Light colour, greenish tinge, just a little pétillant. Fresh fruit, citrus (lemon, lime), green apples, a touch of gooseberry. Light, with a fresh acidity, and a pleasure to drink.

Price: Low

Food: Fish, shellfish, salads, light meat, not too heavy or spicy Asian…

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Wine of the Week

Orange called Or Ange

Marc Kreydenweiss is a favourite in Alsace, and highlighted a couple of years ago (see here). The winery is based in Andlau, central-north of the Alsace vineyard. However, in 1999 the family purchased an estate in Manduel, in the Rhône Valley, west of Châteauneuf and southwest of Nîmes.

This one was one of seven wines from a private party (hosted by me). The name means golden angel, but as an orange it’s clearly a wordplay. It’s made from five varieties; the aromatic Alsacian grapes muscat and gewürztraminer, and also riesling, as well as the more pigmented grape pinot gris. The Rhône tradition is here represented by grenache blanc (in some vintages also viognier, and also vermentino). It saw10 days of skin-maceration.

Or Ange 2017 (M. Kreydenweiss)

Light orange-amber colour. Floral, with apricot, citrus (mandarin), cinnamon, and a slight hint of raisins. Full on the palate, a touch of tannins, integrated acidity, long with fruit all the way.

Price: Medium

Food: Fried fish, smoked meat, lightly spiced food, and a varied cheese plate

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Wine of the Week

The spell of muskateller

The dynamic Fred Loiner has 40 hectares of vineyard in and around the Langenlois village in Kamptal, some of them of really high quality and reputation. Here he makes wines mostly from riesling and grüner veltliner, but also from local heroes like this one, the muskateller. Everything is from his own vineyards, all tended organically, with some biodynamic practise.

Muskateller is an ancient grape, probably of Italian origin. It’s a member of the big Muscat family, and shares some of the well-known characteristics, such as a flowery aroma. In the vineyard it can be difficult, and it likes warm, airy places. A speciality is a spicy character, sometimes towards nutmeg.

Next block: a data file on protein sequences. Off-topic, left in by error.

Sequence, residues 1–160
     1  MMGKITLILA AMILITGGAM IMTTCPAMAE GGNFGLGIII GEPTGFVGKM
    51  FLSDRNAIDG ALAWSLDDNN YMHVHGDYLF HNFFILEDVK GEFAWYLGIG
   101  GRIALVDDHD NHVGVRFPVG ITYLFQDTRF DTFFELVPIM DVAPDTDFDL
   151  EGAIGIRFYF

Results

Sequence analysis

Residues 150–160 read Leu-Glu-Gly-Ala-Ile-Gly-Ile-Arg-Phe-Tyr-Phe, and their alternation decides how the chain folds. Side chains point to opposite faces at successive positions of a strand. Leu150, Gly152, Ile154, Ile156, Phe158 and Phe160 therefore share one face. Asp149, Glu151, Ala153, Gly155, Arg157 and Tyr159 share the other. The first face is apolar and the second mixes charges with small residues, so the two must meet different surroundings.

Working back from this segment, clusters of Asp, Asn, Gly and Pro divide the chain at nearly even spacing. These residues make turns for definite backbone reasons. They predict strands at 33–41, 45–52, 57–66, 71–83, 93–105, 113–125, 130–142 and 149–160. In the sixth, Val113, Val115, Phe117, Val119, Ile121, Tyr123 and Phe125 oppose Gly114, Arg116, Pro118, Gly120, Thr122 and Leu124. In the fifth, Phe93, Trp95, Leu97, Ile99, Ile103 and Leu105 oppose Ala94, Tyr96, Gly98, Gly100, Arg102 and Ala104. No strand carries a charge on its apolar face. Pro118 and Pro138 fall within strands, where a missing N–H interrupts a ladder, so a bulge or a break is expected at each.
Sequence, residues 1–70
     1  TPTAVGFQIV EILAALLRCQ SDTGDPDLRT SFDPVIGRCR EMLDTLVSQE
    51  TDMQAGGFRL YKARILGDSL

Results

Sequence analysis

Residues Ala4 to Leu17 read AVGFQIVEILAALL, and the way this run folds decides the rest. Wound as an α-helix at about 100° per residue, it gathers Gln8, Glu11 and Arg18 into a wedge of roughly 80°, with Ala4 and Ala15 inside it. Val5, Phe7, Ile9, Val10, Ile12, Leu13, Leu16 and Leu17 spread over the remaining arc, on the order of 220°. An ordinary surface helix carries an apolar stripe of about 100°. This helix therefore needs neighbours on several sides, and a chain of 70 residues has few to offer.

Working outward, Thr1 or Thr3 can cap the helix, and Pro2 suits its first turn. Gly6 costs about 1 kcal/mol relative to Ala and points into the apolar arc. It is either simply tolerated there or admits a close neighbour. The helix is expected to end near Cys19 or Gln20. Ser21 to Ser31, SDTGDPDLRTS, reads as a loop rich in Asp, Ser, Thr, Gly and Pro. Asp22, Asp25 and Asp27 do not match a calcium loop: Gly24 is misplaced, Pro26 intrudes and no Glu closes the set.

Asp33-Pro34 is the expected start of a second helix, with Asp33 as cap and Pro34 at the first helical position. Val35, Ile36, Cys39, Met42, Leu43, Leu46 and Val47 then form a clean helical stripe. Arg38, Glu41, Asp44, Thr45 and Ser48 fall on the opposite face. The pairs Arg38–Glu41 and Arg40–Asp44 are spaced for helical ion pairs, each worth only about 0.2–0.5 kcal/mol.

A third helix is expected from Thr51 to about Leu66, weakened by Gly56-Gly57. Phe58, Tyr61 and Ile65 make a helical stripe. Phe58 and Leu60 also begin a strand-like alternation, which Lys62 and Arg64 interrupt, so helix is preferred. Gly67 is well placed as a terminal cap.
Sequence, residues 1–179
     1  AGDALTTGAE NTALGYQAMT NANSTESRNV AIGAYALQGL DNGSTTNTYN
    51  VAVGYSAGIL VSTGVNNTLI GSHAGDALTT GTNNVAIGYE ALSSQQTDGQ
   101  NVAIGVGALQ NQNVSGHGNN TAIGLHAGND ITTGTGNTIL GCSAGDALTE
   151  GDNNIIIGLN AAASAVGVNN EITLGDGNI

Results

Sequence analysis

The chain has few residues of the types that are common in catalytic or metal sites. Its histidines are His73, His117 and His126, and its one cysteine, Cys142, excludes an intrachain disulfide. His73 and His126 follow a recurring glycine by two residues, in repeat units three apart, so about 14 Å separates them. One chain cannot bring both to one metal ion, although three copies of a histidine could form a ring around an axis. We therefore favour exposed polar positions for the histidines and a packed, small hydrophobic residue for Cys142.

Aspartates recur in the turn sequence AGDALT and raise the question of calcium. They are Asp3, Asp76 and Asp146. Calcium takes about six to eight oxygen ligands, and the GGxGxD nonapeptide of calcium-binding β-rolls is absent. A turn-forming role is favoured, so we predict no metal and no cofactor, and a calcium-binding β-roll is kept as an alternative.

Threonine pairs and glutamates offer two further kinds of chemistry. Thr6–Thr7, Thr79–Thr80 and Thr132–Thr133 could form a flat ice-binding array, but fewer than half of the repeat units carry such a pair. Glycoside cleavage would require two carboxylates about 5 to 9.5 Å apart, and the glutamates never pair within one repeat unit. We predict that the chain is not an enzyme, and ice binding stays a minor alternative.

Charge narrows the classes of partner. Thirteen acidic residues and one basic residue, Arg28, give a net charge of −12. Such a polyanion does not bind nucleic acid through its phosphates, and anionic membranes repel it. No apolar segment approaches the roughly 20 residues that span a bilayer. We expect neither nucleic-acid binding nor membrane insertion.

Pét Nat 2018 (Weingut Loimer)

Light yellow with greenish hint and medium+ bubbles. Smells of flowers, pears and yellow fruit, slightly spicy. Fresh and mellow at the same time, integrated acidity, finishes dry.

Price: Low

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Wine of the Week

Passalacqua’s Puglia project

I am in London, mainly for music. But I never miss a chance to visit some of the many good natural wine bars and restaurants in town. Yesterday I visited Brawn again (see an earlier, more detailed report here), that’s owned by the people behind the classic Terroirs.

At Brawn one of the highlights was the orange wine from Valentina Passalacqua’s Puglia project.

The wine and light logo

Her farm is found inside Gargano National Park in Apricena, Puglia, and has belonged to the family for well over 100 years. The soil consists mainly of limestone rocks rich in minerals, at about 200 meters of altitude. It’s now worked biodynamically. All the wines are spontaneously fermented, never fined nor filtered, and they all come without sulfur addition.

Back label

The “calcareous project” came to life because Valentina felt the need to isolate some plots characterized by exclusively Kimmeridian calcareous soil. These are defined by terroir, the wines are mineral, and full of life. Falanghina is just one of the many varieties that can be called indigenous, but also with Greek influence or inspiration (along with nero di Troia, greco, aleatico, to name a few).

Valentina informs that the numbers indicated on the labels are the atomic number (20) and the atomic weight (40.08) of the chemical element of calcium (Ca). The designation is IGP Bianco Puglia, and it comes in a one liter bottle.

As you already have guessed, the fermentation was spontaneous, and it was macerated on the skins for 7 days, in open vats with manual hat break. It was racked in steel, and bottled without filtering or clarification.

Calcarius Orange Puglia (Valentina Passalacqua)

Light orange, with a reddish tone. Fresh on the nose, citric notes (mandarin), aromatic herbs and oriental spices. A slight touch of fine tannins in the mouth, saline notes and an appealing citric finish.

Price: Medium

Food: White fish, light meat, vegetarian, not too spicy Asian

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Wine of the Week